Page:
Optical spectroscopy has been used to monitor and image tissue blood oxygenation and volume by measuring absorption of oxyhemoglobin and deoxyhemoglobin in the near infrared (NIR) wavelength region. Below 700 nm, light is strongly absorbed by hemoglobin, and above 900 nm, it is strongly absorbed by water. By making differential measurements at either side of the isosbestic point of oxy-hemoglobin and deoxyhemoglobin absorbance (near 800 nm), it is possible to quantify the blood oxygenation and volume levels. Typically, these measurements are made at 750 nm and 830 nm.
 NIR spectrometry adapted to the principles of computerized tomography has been used for in vivo imaging. This technique utilizes NIR radiation in an analogous way to the use of X-ray radiation in an X-ray CT. The X-ray source is replaced by several laser diodes (or other light sources) emitting light in the NIR range. The NIR-CT uses a set of photodetectors that detect the light that had migrated in the imaged tissue. The detected data are manipulated by a computer in a manner similar to the detected X-ray data in an X-ray CT. Different NIR-CT systems have recognized the scattering aspect of the non-ionizing radiation and have modified the X-ray CT algorithms accordingly.
 Brain tissue has been particularly studied by many burgeoning technologies, wherein MRI is truly versatile as being capable of imaging hemodynamic and metabolic signals in a unique fashion. PET has similar possibilities of large chemical specificity governed by the combination of lifetimes and radiation from radioactive isotopes. Other methods give highly specialized signals, for example, MEG and EEG that have respectively high and low resolution for neurophysiological signals. Optical tomography is somewhat more quantitative with respect to hemodynamic changes and has latent possibilities for measuring neuronal signals.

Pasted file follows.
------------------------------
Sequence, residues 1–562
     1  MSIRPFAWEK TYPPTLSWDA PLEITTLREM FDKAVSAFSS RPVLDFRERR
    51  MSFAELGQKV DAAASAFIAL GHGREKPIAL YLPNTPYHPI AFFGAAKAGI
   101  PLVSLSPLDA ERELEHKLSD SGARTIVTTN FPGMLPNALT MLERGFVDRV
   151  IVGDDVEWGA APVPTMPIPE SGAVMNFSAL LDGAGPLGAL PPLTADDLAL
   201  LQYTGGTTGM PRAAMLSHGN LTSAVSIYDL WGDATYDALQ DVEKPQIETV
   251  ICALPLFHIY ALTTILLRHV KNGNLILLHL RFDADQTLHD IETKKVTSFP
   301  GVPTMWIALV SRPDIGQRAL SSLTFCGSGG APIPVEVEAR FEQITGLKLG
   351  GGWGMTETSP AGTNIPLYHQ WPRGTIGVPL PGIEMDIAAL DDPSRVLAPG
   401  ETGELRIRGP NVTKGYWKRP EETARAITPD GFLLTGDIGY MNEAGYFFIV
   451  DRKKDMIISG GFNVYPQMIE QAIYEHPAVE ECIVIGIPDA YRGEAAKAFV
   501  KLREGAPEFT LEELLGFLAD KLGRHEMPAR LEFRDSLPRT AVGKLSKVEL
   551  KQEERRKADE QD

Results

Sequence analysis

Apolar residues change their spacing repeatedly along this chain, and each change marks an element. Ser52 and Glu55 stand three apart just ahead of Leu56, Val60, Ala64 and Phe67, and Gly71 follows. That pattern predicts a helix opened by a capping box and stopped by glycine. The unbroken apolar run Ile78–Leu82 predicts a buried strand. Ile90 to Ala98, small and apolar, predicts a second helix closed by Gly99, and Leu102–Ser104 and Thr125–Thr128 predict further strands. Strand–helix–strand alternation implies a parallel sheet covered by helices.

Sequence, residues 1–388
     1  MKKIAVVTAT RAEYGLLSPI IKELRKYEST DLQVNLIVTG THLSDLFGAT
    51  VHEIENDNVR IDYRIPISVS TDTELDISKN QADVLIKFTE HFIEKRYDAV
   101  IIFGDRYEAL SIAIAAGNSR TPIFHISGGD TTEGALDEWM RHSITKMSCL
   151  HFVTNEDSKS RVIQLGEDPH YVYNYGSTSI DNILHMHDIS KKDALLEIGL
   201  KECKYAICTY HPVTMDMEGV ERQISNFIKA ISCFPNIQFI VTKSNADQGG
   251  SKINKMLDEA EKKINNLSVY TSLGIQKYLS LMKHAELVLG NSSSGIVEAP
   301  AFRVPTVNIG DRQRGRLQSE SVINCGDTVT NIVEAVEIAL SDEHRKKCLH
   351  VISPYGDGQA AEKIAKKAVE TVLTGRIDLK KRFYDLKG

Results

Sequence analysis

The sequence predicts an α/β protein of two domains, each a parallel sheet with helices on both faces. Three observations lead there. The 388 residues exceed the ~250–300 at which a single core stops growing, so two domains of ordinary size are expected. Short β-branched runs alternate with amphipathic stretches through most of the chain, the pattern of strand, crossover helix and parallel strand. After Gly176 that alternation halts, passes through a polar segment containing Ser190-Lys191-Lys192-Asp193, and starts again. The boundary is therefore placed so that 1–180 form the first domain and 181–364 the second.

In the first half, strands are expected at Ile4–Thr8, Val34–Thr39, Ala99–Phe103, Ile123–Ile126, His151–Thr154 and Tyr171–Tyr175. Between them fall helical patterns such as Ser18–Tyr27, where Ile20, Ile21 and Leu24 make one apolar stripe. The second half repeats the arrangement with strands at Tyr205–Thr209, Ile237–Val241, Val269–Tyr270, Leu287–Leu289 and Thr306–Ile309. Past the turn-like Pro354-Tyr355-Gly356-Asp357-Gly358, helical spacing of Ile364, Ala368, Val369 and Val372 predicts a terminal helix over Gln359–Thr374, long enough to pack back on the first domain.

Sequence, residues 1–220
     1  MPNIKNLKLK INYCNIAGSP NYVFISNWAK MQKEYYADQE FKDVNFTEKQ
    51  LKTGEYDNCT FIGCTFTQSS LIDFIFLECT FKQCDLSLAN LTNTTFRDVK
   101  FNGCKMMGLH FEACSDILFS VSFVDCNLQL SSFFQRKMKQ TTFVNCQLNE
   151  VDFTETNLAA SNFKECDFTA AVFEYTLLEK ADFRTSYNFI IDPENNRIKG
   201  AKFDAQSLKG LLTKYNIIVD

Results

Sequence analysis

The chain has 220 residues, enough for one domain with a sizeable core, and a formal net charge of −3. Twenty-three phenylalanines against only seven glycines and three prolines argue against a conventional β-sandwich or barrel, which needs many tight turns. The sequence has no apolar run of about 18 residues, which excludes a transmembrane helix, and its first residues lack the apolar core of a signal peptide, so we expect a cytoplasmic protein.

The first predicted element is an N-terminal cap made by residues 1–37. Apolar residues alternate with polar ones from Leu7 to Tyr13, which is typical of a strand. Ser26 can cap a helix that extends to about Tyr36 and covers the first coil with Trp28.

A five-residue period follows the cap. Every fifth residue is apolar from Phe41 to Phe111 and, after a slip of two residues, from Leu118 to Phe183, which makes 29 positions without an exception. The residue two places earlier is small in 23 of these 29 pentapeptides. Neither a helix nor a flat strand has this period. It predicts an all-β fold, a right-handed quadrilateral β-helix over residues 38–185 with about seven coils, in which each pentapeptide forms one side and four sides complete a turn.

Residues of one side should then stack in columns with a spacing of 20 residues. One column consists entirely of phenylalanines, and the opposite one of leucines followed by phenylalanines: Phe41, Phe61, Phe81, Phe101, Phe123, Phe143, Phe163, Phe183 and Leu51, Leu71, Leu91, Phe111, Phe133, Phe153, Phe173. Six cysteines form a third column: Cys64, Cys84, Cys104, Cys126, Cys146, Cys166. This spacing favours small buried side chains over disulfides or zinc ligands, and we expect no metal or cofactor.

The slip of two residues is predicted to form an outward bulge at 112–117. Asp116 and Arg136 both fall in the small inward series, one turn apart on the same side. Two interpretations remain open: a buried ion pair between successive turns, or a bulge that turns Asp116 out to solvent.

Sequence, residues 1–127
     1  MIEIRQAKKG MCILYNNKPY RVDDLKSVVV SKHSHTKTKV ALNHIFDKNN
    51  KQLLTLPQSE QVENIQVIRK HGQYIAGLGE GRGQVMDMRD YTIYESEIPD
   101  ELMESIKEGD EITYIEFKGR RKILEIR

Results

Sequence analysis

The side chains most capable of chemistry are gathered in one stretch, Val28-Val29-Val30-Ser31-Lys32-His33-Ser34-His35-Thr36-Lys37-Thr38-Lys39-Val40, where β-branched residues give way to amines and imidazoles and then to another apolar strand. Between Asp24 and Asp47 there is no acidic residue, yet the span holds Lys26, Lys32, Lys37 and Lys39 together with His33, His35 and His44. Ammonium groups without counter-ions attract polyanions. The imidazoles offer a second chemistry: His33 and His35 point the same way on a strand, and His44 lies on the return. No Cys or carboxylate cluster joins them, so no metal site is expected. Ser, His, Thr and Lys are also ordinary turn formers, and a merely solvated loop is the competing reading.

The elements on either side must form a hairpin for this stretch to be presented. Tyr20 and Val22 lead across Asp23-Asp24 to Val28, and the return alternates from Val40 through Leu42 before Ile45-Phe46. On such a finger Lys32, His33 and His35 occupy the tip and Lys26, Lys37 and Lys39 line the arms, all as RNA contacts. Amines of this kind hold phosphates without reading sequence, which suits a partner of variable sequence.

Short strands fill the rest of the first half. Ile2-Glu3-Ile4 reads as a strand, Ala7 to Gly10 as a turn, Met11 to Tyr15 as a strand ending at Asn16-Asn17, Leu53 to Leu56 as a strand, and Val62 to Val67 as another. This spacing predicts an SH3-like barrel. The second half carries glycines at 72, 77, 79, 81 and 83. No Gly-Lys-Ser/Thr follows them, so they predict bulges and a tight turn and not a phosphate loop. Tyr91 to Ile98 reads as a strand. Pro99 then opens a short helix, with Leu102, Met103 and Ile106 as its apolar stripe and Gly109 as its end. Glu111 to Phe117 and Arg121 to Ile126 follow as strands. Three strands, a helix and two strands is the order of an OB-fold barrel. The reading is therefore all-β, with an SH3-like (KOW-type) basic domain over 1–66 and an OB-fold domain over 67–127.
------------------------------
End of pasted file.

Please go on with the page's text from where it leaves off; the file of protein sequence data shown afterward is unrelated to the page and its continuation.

Furthermore, the propagation of near infrared light through biological tissue such as the brain and breast has been experimentally studied and theoretically modeled. Accurate theoretical models are based on Monte Carlo representations of the diffusion equation and on analytic expressions that show propagation into the gray matter of the brain in adults and especially in neonates. This propagation of light into cranial tissue has been verified by clinical measurements of the presence of X-ray CT identified cranial hematomas at depths of about 3-4 cm. Detection of the oxygenation state and amount of hemoglobin has been the goal of tissue oximetry and quantitative results are obtained by time and frequency domain devices. However, single volume determination of optical parameters of a highly heterogeneous system such as the human brain may give only a fraction of the signal of a localized focal activation already shown to be highly localized by fMRI (functional Magnetic Resonance Imaging).